|Gay/HIV+ Discrimination at Work
Feb 18, 2004
I have worked for the same company for nearly nine years, but am consistently denied promotion to senior level while others are so promoted in two years. I perform the specifications outlined in each review, which are always excellent except for one new issue the management is always able to come up with and which they use to deny my promotion. After nine years, I am concerned that what is really going is is that I am being discriminated against because I am gay (I don't proclaim it but my coworkers know that I am) and because of my HIV status, which I have not informed my employer about but which I believe they have figured out due to my doctor's appts., which always fall within the realm of my sick time and I have never exceeded my sick hours or gone on disability. I regularly train people in my company who have been promoted above me long ago. Does this sound like an issue that could be pursued with a civil rights attorney? As an HIV positive person, I have access to free legal aid, but wish to proceed realistically and cautiously. I am not inclined to resign, as I have invested nine years in the company and have copies of all my paperwork which testify to my qualifications for promotion. Thank you!
| Response from Ms. Breuer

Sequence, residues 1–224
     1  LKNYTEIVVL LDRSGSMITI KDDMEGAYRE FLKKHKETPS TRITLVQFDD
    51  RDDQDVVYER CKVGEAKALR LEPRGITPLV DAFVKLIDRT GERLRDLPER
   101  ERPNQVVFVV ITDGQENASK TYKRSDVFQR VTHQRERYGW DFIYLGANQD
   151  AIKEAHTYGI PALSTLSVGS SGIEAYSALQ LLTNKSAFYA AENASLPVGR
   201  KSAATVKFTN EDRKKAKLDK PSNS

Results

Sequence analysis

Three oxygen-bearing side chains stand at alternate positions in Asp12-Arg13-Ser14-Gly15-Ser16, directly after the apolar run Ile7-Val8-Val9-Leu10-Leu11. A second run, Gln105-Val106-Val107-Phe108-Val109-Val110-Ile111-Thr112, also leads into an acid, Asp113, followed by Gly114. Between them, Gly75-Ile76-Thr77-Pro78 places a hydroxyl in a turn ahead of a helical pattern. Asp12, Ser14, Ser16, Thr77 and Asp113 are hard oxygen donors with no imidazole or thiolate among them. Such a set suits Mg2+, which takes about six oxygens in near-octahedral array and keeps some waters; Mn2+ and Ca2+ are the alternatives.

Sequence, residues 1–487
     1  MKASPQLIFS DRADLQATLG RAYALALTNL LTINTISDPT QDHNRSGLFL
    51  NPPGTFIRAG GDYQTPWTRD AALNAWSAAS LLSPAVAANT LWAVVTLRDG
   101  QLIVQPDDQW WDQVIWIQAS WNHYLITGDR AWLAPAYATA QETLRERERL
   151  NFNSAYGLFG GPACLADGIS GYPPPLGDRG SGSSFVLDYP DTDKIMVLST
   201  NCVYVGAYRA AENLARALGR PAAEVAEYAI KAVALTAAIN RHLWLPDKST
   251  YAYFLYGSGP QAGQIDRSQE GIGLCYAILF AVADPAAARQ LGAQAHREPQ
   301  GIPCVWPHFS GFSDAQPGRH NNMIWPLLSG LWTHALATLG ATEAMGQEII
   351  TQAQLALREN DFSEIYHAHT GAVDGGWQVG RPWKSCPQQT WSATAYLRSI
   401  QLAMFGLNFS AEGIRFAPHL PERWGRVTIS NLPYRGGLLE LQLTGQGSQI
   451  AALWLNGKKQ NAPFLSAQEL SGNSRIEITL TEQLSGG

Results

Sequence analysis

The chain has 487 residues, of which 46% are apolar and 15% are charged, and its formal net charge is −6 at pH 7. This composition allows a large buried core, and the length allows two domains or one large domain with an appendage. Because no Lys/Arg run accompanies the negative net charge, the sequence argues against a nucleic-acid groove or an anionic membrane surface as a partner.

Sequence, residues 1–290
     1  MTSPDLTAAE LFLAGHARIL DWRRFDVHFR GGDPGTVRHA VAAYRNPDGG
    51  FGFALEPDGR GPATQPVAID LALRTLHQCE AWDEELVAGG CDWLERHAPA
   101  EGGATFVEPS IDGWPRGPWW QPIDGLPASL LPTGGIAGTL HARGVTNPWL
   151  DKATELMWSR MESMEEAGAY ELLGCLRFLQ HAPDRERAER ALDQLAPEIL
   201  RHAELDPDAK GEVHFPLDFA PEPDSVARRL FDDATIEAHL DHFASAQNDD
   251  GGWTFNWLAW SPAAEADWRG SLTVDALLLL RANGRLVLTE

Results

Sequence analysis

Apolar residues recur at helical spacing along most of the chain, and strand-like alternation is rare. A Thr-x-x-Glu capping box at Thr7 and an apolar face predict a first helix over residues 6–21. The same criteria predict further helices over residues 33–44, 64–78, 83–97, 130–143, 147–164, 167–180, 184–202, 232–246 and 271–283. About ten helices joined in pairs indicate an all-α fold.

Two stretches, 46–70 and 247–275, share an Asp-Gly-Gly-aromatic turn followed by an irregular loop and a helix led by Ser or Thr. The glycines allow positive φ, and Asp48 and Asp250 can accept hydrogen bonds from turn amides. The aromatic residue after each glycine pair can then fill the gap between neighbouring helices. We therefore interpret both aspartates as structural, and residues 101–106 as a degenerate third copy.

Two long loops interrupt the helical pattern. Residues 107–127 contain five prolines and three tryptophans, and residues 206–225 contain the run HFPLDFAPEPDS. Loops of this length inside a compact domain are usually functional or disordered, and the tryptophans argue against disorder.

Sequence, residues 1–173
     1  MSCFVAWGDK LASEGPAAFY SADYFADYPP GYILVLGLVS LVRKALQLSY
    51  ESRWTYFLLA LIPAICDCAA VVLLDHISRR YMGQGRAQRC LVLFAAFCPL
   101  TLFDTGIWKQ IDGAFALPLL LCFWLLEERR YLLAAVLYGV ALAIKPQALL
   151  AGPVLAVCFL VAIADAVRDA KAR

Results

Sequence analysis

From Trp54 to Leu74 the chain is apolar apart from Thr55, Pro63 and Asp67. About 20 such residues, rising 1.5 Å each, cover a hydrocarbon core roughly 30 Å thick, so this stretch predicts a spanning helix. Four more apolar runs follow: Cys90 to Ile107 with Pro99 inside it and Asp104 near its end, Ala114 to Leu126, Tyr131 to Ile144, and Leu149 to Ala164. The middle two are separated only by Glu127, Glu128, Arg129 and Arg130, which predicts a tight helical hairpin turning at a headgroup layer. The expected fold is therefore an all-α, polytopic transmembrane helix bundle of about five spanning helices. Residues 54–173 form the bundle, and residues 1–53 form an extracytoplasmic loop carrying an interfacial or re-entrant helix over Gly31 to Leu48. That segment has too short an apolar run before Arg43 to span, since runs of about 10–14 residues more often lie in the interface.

Yes, from your description, this does sound like discrimination. Before going outside the company for redress, I recommend scheduling an appointment with the director of HR and laying out the case just as you have laid it out for me. Ask what the director thinks may be holding you back. Point out that you have a solid record of positive performance reviews, so something isn't right. Ask directly if the HR director is willing to help you develop a plan for your next well-deserved promotion. If, as you suggest, the sick leave is the issue, meet with your physician to develop a request for a reasonable accommodation that could be negotiated with your employer's HR person. If you are performing all of the essential functions of the job without a reasonable accommodation, then ask the HR person point blank what the problem is.
If you get malarky for an answer, point out that your concern for your career leaves you no choice but to seek the advice of an outside organization.
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